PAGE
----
Magnetic space tube to help suck up lunar soil

Not sure if NASA has this on tap or not, but Benjamin Eimer and Lawrence Taylor of the University of Tennessee in Knoxville just invented a special magnetic collection tube that sucks up lunar soil so we can extract precious resources for use in future moon colonies. The tube, which is sort of like an elephant's trunk or one of those leaf suckers, would suck up lunar soil (not peanuts and leaves) containing water, oxygen and other resources to be extracted by astronauts. They'd need to gather and transport large amounts of the stuff without stirring up jagged moon shards and hazardous dust, so bulldozer-like equipment is definitely out of the question. The tube's coils would create a magnetic field that attracts the iron-laden soil, keeping it neatly centered to be distributed to storage facilities or processing plants via a pipeline system. Assuming the tube rules at collecting a massive supply, the soil can then be bagged to stack on top of lunar habitats to help regulate unpredictable temperatures and block radiation from hazardous space particles. Sweet! Once they hook us up with some sci-fi WiFi, we'll be reporting from Engadget's new intergalactic office.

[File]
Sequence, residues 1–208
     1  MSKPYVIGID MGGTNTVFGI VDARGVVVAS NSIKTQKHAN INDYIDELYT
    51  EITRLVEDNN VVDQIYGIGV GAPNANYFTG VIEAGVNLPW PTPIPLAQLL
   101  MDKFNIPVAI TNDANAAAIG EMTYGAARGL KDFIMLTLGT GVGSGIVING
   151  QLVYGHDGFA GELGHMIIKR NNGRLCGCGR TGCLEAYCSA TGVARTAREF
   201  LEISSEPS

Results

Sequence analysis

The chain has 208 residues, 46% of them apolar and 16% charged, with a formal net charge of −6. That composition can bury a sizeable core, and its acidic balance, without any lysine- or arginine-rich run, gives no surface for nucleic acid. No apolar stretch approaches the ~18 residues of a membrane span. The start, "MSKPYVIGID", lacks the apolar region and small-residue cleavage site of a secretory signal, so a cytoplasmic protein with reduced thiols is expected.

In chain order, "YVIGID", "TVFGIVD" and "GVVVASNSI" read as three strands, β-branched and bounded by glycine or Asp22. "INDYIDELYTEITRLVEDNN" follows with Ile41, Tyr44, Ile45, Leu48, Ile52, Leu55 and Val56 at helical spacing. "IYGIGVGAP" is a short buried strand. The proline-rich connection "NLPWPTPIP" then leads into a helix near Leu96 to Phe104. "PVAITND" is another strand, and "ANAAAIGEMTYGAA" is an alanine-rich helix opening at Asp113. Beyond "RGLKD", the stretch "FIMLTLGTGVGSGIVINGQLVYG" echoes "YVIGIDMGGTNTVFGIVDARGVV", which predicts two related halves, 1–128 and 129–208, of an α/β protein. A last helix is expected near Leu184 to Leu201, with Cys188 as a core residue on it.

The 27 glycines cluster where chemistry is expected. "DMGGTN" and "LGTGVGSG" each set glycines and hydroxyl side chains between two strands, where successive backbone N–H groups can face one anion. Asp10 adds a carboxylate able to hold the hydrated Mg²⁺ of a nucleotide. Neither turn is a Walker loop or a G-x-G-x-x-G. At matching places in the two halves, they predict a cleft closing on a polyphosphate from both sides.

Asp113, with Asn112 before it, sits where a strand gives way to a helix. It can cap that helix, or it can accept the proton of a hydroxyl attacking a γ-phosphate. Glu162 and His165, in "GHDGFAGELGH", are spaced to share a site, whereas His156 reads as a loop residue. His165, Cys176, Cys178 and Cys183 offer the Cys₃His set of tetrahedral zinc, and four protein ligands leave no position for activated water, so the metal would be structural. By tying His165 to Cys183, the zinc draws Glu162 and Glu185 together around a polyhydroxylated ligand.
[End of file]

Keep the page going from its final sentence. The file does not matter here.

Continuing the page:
[Thanks, Matthew]